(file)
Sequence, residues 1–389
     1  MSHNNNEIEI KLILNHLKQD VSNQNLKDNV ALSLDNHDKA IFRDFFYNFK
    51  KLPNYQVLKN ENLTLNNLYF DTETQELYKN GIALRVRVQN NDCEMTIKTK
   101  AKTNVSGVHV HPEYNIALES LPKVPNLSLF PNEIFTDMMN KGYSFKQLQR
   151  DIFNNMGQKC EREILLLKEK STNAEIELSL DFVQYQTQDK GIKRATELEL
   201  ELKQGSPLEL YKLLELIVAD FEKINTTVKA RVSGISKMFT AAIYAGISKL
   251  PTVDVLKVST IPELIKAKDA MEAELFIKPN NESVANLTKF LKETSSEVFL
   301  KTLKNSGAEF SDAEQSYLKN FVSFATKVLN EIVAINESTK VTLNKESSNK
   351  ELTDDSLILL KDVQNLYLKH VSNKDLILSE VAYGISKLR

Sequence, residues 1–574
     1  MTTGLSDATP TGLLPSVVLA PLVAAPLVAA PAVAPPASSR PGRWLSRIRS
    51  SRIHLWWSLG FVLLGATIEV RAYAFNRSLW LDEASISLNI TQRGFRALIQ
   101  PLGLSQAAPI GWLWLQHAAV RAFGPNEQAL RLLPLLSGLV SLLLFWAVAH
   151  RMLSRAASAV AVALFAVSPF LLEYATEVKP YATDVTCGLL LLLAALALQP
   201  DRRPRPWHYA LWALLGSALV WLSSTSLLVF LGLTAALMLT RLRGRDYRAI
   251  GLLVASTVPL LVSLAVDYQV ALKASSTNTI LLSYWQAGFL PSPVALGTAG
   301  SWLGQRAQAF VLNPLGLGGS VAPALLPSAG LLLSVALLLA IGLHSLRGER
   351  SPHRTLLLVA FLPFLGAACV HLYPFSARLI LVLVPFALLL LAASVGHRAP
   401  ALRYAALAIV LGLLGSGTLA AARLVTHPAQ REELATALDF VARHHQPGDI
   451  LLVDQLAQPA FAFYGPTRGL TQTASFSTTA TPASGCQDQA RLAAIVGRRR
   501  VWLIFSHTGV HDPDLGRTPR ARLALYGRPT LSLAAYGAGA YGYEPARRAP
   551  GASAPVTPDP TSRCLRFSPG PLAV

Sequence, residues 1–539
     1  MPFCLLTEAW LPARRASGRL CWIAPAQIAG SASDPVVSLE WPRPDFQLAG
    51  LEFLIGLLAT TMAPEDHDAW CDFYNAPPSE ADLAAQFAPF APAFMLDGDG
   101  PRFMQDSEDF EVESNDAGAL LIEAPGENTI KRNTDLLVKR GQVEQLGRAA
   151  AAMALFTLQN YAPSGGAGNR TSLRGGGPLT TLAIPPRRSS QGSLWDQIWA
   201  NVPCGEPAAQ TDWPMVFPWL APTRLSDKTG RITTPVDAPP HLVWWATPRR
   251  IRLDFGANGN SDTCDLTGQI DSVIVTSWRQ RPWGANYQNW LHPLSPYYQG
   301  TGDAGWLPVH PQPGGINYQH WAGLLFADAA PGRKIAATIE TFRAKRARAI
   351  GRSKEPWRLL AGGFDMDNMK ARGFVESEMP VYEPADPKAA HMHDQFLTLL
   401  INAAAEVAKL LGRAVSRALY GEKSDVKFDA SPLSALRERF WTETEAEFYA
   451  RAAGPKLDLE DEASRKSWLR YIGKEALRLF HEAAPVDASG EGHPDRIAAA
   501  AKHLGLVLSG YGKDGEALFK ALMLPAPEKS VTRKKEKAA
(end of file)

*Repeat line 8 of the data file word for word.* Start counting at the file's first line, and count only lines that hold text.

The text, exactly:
   301  KTLKNSGAEF SDAEQSYLKN FVSFATKVLN EIVAINESTK VTLNKESSNK